The Milky Way May Be Gaining Weight By Stealing Gas From Its Neighbors

The Milky Way is gaining weight, it turns out. Avigator Fortuner/Shutterstock

Galaxies are not isolated systems, they are actually very open. Stars come in and fly out, gas flows in and is pushed out, and sometimes other galaxies just smash into them. This is happening everywhere in the universe and it got researchers wondering, is the Milky Way gaining or losing mass or is it keeping its books balanced?

As reported in a paper accepted by The Astrophysical Journal, researchers studied the flow of gas around our galaxies to find out. They estimate that our galaxy loses about 53,000 Earth's worth of gas each year, but gains over three times as much: 176,000 Earths, or 53 percent of the mass of the Sun. This was quite a surprise for the researchers.

"We expected to find the Milky Way's books balanced, with an equilibrium of gas inflow and outflow, but 10 years of Hubble ultraviolet data has shown there is more coming in than going out," lead author Andrew Fox of the Space Telescope Science Institute, Baltimore, said in a statement.

Most of the gas being siphoned by our galaxy is from the intergalactic medium, but the team suspects that some could be coming from the small satellite galaxies that surround the Milky Way. Our galaxy has already cannibalized some of its companions, so stealing from them is really not a big deal.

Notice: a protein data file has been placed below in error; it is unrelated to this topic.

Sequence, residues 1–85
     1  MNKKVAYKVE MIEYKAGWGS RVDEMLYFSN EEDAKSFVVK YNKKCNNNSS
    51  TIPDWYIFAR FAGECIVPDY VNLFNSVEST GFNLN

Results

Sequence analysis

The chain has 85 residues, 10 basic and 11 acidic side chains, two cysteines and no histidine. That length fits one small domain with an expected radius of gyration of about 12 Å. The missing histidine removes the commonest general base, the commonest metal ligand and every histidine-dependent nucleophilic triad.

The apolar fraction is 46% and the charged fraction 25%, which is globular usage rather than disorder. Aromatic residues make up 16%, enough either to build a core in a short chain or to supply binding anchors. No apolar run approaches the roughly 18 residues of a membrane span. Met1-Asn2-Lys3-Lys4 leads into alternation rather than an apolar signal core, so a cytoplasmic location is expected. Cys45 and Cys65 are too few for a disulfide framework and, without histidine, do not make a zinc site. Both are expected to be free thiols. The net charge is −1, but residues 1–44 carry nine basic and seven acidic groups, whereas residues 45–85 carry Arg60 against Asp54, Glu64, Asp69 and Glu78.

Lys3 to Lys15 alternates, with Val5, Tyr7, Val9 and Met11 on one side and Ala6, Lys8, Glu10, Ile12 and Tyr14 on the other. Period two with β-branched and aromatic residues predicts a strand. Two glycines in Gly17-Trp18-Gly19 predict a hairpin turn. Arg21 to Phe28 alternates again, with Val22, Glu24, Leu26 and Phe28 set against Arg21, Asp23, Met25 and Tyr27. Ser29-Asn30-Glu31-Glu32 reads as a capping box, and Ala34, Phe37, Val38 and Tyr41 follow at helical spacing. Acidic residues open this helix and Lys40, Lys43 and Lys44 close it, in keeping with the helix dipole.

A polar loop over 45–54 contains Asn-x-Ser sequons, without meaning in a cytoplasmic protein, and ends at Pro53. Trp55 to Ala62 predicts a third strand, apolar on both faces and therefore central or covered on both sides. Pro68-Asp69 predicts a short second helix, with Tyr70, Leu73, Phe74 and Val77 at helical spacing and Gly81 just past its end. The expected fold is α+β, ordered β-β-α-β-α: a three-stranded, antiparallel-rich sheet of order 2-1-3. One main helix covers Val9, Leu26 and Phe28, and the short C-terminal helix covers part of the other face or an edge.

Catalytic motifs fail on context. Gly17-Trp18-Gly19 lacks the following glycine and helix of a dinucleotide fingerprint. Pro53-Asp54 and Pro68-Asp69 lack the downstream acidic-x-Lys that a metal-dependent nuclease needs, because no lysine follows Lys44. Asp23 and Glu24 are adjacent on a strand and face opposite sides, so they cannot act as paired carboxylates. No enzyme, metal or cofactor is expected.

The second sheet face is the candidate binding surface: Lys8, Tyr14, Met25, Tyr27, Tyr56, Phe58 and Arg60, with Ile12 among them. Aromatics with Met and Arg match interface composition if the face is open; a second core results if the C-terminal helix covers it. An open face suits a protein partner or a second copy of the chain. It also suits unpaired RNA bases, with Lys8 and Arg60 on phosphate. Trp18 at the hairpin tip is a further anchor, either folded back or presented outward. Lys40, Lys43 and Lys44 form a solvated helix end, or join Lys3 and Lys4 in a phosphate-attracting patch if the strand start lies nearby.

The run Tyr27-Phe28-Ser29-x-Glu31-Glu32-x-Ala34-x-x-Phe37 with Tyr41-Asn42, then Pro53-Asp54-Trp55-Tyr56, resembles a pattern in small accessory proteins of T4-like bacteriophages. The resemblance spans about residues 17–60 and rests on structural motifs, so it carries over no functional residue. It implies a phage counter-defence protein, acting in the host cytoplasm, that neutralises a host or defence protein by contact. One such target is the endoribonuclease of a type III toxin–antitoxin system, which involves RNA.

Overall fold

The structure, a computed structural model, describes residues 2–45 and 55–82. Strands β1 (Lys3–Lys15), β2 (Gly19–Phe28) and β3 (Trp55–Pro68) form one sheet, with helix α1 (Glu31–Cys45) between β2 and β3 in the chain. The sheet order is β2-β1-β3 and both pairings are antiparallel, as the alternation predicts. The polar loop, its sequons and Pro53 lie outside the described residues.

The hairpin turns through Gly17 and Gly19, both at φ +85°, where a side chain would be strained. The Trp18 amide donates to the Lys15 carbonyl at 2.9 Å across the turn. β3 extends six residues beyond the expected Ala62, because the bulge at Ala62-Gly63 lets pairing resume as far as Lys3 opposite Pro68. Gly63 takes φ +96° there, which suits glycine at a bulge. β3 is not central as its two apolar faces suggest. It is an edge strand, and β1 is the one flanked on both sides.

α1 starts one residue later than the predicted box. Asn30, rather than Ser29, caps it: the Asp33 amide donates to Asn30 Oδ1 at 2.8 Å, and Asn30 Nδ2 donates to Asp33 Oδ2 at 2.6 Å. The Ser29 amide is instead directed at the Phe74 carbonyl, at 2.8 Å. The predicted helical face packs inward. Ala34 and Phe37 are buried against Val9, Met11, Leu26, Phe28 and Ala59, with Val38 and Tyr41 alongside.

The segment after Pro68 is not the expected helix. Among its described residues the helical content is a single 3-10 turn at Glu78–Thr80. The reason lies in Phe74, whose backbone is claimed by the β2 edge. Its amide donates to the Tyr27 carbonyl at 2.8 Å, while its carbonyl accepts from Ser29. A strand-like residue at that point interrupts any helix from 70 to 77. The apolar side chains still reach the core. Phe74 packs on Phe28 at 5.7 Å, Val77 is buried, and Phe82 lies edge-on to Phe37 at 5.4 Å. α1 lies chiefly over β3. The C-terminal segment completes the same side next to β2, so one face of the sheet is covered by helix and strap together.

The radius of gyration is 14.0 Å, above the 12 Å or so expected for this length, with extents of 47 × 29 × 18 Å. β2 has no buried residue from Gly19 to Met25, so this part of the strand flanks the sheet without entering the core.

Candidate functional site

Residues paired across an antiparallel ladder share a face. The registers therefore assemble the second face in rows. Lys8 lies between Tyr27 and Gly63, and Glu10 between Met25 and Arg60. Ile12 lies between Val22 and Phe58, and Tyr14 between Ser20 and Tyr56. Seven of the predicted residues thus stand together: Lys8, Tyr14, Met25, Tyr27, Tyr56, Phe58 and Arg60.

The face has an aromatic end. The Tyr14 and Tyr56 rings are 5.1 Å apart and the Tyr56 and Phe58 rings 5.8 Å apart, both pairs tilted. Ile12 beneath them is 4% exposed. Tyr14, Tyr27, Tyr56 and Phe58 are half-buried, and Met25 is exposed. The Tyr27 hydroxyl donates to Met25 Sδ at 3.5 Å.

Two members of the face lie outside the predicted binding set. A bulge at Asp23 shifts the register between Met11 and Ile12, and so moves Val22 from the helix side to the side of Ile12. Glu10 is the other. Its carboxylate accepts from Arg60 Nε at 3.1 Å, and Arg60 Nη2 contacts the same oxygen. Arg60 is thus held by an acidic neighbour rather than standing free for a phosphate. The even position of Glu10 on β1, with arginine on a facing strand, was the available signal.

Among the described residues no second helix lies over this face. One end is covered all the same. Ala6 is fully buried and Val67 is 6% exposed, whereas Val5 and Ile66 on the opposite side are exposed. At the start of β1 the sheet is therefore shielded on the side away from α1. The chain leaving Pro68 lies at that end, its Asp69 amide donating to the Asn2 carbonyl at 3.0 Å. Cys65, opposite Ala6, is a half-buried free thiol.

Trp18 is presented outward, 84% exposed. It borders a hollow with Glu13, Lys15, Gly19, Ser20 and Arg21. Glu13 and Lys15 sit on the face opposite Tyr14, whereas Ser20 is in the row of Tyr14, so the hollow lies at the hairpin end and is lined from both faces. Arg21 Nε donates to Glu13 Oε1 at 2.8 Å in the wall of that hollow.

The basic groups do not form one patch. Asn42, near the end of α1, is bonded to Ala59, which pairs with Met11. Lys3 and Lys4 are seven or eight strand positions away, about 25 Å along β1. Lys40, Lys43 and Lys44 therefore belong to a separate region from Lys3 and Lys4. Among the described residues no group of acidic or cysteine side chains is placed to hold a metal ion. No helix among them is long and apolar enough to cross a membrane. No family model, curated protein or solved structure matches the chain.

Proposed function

The Milky Way's inflow and outflows of gas. NASA, ESA, and D. Player (STScI)

The observations were possible thanks to Hubble’s Cosmic Origins Spectrograph (COS), which was installed in the last servicing mission in 2009. The gas is very diffuse, making it invisible, so the team used the light of distant quasars to work out the properties of these gas clouds. The 200 observations of the diffused gas halo provided them with enough data to paint this peculiar picture of the Milky Way.

"Studying our own galaxy in detail provides the basis for understanding galaxies across the universe, and we have realized that our galaxy is more complicated than we imagined," co-author Philipp Richter of the University of Potsdam in Germany, added.

The team has several ideas on how they are going to follow up this research. They are interested in understanding precisely what the sources of the gas inflow are, and studying how other big galaxies behave. There should be enough observations of Andromeda, our nearest large galaxy, to do a similar study.

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